Psychobiological factors of resilience and depression in late life.
In contrast to traditional perspectives of resilience as a stable, trait-like characteristic, resilience is now recognized as a multidimentional, dynamic capacity influenced by life-long interactions between internal and environmental resources. We review psychosocial and neurobiological factors associated with resilience to late-life depression (LLD). Recent research has identified both psychosocial characteristics associated with elevated LLD risk (e.g., insecure attachment, neuroticism) and psychosocial processes that may be useful intervention targets (e.g., self-efficacy, sense of purpose, coping behaviors, social support). Psychobiological factors include a variety of endocrine, genetic, inflammatory, metabolic, neural, and cardiovascular processes that bidirectionally interact to affect risk for LLD onset and course of illness. Several resilience-enhancing intervention modalities show promise for the prevention and treatment of LLD, including cognitive/psychological or mind-body (positive psychology; psychotherapy; heart rate variability biofeedback; meditation), movement-based (aerobic exercise; yoga; tai chi), and biological approaches (pharmacotherapy, electroconvulsive therapy). Additional research is needed to further elucidate psychosocial and biological factors that affect risk and course of LLD. In addition, research to identify psychobiological factors predicting differential treatment response to various interventions will be essential to the development of more individualized and effective approaches to the prevention and treatment of LLD.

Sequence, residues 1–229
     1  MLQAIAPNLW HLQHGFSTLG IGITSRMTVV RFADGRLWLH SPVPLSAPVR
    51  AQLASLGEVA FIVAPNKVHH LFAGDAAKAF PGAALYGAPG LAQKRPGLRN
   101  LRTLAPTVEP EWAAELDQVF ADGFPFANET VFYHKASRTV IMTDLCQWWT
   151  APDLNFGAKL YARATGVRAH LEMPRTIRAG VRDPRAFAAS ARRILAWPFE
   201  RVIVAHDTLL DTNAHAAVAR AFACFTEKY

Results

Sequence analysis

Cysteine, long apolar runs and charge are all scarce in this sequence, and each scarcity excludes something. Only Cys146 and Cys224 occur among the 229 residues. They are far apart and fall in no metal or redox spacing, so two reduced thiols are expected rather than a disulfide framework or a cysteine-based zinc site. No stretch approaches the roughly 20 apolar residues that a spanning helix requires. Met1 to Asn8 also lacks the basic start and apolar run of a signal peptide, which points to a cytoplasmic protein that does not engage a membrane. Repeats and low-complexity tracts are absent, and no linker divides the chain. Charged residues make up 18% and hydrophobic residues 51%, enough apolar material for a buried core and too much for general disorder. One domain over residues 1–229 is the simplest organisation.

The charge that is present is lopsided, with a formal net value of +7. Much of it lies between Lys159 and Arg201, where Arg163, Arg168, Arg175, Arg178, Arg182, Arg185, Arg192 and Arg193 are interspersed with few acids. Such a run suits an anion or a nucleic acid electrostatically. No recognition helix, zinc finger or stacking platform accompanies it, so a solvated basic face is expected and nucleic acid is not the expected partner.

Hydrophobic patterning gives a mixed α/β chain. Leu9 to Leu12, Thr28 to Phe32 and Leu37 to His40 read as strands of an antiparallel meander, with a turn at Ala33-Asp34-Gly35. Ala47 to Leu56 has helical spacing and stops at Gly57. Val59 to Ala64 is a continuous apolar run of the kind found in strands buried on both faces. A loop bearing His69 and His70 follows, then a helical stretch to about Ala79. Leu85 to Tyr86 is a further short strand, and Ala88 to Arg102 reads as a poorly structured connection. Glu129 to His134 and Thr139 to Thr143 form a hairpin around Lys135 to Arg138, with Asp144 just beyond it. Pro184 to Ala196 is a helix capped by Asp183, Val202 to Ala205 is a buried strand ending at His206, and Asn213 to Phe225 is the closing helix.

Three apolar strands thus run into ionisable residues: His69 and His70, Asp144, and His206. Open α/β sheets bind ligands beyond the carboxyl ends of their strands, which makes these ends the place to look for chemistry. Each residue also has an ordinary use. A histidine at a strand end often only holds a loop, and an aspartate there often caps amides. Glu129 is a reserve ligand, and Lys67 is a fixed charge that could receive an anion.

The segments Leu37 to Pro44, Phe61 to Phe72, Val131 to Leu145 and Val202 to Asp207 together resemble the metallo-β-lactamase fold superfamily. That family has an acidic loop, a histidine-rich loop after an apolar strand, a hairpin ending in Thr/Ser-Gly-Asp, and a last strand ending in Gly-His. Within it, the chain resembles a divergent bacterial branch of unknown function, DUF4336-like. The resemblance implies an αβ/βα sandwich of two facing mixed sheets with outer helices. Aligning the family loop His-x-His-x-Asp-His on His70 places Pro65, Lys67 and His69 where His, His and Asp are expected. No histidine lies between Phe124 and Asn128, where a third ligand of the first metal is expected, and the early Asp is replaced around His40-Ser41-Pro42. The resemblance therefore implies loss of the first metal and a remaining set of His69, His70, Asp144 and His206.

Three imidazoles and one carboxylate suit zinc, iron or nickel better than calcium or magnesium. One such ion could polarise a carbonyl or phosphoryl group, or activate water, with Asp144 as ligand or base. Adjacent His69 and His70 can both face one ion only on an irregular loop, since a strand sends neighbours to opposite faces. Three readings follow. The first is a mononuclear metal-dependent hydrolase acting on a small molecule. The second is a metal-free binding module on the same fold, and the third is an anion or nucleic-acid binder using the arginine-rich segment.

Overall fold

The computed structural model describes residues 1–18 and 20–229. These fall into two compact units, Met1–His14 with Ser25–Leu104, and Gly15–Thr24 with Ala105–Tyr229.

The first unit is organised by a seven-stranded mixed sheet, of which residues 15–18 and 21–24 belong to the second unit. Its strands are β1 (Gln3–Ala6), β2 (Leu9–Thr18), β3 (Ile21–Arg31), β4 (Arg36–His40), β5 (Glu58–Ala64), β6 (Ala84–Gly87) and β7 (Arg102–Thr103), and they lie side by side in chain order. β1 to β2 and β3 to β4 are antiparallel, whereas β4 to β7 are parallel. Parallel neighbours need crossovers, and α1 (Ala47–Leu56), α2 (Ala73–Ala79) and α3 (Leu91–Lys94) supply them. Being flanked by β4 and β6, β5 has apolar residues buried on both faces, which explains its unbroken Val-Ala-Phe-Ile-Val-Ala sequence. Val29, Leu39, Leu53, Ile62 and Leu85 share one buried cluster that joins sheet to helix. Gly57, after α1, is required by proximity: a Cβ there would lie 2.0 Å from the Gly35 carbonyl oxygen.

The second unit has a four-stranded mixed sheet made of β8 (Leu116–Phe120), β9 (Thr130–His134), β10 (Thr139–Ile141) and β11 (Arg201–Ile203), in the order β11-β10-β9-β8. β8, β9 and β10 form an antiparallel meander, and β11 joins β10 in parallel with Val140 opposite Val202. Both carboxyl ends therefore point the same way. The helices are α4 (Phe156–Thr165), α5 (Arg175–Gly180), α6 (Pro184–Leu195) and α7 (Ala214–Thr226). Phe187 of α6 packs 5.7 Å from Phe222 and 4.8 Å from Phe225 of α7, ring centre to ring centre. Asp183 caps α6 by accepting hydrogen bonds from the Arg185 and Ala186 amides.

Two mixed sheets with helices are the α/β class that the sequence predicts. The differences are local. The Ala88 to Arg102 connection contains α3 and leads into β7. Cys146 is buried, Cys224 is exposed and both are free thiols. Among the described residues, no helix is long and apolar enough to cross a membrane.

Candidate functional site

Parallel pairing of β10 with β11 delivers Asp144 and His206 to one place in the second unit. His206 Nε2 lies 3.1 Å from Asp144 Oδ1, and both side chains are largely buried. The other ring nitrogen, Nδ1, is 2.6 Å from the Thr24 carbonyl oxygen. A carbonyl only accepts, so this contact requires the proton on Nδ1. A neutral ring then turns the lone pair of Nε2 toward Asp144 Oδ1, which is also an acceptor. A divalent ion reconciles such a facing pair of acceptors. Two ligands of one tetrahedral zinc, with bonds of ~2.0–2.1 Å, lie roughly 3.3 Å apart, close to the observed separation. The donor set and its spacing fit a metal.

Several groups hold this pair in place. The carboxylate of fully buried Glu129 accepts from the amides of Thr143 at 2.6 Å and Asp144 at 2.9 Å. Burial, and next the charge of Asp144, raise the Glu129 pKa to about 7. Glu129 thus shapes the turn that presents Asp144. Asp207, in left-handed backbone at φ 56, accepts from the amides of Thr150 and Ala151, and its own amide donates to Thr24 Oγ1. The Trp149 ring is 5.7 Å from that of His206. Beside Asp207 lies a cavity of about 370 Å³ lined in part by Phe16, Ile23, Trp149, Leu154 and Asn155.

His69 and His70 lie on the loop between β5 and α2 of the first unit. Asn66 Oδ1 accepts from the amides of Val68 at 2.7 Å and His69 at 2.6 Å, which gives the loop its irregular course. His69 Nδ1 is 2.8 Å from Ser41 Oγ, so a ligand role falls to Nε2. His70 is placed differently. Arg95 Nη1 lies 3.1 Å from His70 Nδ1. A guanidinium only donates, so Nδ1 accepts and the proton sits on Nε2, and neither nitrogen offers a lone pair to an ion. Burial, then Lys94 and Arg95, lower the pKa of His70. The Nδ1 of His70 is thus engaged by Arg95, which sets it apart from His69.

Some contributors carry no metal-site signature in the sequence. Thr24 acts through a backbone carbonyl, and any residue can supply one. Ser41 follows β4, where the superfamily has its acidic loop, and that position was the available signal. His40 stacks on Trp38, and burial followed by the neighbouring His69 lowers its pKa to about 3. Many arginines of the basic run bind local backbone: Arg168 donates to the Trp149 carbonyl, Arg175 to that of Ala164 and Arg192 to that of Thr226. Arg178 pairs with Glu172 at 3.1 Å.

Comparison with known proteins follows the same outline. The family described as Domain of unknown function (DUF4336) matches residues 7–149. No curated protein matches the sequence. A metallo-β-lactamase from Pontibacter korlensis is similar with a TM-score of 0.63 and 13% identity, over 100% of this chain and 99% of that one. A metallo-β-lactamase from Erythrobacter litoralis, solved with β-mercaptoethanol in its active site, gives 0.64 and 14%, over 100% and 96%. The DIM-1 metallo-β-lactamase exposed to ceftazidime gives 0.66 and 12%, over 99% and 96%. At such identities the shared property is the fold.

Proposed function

Medical Subject Headings
Aging; Depression; Electroconvulsive Therapy; Humans; Mind-Body Therapies; Neuroticism; Psychotherapy; Resilience, Psychological
Digital Object Identifier (DOI)
Laird, Kelsey T; Krause, Beatrix; Funes, Cynthia; and Lavretsky, Helen, "Psychobiological factors of resilience and depression in late life." (2019). Clinical Neuropsychology. 22.